The age of the laundry-list biography should be long over. I always say a hundred years from now he’ll be known as a kind of figure on the scene, a public intellectual who wrote these scintillating essays.

Norman Mailer once said, I think incorrectly, that Vidal lacked the wound as a novelist. And all he could do was grasp onto the fact that his grandfather—who was remote, blind, and old—was a senator. So Gore didn’t really have these aristocratic roots he liked to claim. Myra Breckenridge might be looked at by sociologists because it’s a post-sexual, transsexual novel. What do you think Gore would have thought of your book? Because one thing a narcissist doesn’t like is to look in a mirror that is in anyway genuinely reflective of what’s on the other side of it.

And he desperately clung to any shred of background that could help promote him. It’s very strange the way he used the word “faggot “much the way some African Americans use the N word…Yes, but I’d say the word he used most [when referring to himself and other homosexuals] was the word “degenerate.” You know, he would ask me about someone and say, “Well, is he a degenerate like me? There is very little that he said about politics that doesn’t have some resonance today.

Vidal liked to claim that he had ice in his veins—and that he was incapable of love. ” To use that phrase for a gay man is a sign of self-devaluation. And yet a lot of his prejudices didn’t change over the years. He must have been an incredibly difficult person to know. I ask myself a thousand times why I put up with it.

The following is an edited version of our conversation. You only have one opportunity like this to write a book about somebody you knew that well. And Gore had said to me, “Write whatever you want to write. And don’t worry about me, I’ll be dead.”One of the virtues of your book, I must say, is its manageable length.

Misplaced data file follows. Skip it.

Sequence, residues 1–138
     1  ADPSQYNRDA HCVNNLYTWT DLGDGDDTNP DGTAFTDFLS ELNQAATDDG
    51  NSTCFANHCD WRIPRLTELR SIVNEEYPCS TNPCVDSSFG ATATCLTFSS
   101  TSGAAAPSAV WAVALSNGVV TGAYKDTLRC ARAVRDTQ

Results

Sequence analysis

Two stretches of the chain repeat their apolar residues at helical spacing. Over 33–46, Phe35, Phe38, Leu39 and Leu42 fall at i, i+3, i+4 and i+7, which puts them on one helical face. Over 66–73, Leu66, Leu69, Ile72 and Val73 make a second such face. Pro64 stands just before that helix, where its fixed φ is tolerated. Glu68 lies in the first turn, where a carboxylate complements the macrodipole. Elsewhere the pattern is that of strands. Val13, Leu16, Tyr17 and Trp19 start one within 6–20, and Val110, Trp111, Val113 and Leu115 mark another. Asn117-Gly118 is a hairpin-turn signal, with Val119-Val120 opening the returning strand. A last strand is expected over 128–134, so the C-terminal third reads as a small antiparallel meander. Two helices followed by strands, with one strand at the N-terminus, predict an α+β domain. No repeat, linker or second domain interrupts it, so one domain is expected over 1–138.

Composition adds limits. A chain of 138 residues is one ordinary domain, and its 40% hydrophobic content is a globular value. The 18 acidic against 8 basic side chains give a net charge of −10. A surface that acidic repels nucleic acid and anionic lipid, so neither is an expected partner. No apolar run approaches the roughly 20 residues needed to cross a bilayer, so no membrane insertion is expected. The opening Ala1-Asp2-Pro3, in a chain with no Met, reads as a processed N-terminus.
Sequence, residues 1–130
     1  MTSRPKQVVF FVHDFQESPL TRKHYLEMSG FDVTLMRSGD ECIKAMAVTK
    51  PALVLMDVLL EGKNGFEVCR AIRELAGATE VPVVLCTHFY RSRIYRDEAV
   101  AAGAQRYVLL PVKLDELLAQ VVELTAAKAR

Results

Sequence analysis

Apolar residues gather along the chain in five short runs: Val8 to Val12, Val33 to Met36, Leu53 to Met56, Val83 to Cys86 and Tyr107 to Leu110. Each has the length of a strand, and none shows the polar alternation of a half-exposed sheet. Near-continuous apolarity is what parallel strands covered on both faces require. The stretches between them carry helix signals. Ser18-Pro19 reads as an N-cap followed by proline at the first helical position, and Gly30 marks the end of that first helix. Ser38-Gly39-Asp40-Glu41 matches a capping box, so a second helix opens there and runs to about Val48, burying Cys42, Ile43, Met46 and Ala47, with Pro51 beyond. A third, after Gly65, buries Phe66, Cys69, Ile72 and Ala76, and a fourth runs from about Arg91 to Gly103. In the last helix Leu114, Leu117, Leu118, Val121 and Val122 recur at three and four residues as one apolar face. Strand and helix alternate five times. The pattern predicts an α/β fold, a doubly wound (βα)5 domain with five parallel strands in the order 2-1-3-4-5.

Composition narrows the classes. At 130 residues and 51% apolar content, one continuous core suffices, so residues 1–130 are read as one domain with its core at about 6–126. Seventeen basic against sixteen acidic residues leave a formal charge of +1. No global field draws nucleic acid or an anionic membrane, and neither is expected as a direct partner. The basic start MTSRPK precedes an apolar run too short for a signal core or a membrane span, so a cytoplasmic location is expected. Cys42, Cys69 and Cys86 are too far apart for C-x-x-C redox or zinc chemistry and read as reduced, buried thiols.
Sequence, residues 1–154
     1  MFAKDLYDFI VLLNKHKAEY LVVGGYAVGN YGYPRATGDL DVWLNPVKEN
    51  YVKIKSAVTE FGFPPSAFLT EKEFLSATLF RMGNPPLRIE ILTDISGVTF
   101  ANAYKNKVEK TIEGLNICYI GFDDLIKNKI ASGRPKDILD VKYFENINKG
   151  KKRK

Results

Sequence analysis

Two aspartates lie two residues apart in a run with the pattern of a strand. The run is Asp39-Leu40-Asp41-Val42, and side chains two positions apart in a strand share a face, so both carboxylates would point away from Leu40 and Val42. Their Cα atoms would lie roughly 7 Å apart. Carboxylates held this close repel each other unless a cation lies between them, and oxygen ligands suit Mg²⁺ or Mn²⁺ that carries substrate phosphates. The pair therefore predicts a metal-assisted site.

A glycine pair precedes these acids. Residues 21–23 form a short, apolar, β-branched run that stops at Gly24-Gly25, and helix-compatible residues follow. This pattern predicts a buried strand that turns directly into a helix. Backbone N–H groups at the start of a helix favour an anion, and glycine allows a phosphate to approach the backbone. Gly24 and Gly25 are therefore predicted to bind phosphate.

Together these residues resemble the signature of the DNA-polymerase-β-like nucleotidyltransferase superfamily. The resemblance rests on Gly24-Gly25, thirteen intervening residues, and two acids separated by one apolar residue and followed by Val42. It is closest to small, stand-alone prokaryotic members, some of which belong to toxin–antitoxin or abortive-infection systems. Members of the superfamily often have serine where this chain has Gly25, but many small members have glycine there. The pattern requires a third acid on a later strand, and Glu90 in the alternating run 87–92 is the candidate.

Jay Parini: I hope people realize that this book really strips away the mask. I think it’s imperative nowadays for biographers to write concisely.Vidal’s hit play, The Best Man, was revived on Broadway as recently as 2012.But he was perhaps equally well-known for his television duels with Norman Mailer and William F. His most enduring work, though, will likely be his elegant, witty, and often prescient political essays collected in United States: Essays 1952-92.Yet whatever vulnerability he displayed in the green room disappeared on camera where he seemed as confident and omniscient as the narrator of a novel by one of his literary heroes, Henry James.In 2012, Vidal died and, one hopes, went to heaven, where he would no doubt be condescending to God.Yet in your book we find that he loved [his lifelong partner] Howard. So despite his genius he didn’t seem to evolve emotionally. Do you think any novel of Norman Mailer’s is read now? Not one person in the room had heard of Norman Mailer. But early on as a young man I was attracted like a moth to that flame. Then I realized that this was going to become incredibly tedious.He wanted to put a lead shield around himself that said, “Don’t tread on me.” And that was a fear of intimacy. Yes, he stayed the frightened school boy from first to last. A frightened school boy who then creates the mask of the worldly man who is afraid of nothing. Forster, [who could] really tell a story and create dramatic tension and follow a theme. I was teaching a seminar in Middlebury College last year and I asked a group of English majors … But I am by nature a loyal guy, and you know, I was learning from him all the time.We’re in the age of Trump now, for God’s sake, the opposite of an age of discourse. He did write, you know, “Buckley rest in hell,” after Buckley died. Both of them guys from nowhere who had climbed that greasy pole. Listen to the accent that Gore uses in those Buckley-Vidal tapes. Vidal chose to spend much of his life living in Italy. He would claim that it meant that he could focus more intently on America at a distance. Political talk is no longer even aspiring to the condition of discourse. But I was surprised to read that he didn’t really speak Italian. That allowed him to think more objectively about the U. by Jay Parini Gore Vidal is a novelist, essayist, playwright, and provocateur whose career has spanned six decades, beginning in the years immediately following World War II and continuing into the early years of the twenty-first century.In addition to a major sequence of seven novels about American history, and such satirical novels as MYRA BRECKINRIDGE and DULUTH, he has written dozens of television plays, film scripts, and even three mystery novels written under a pseudonym.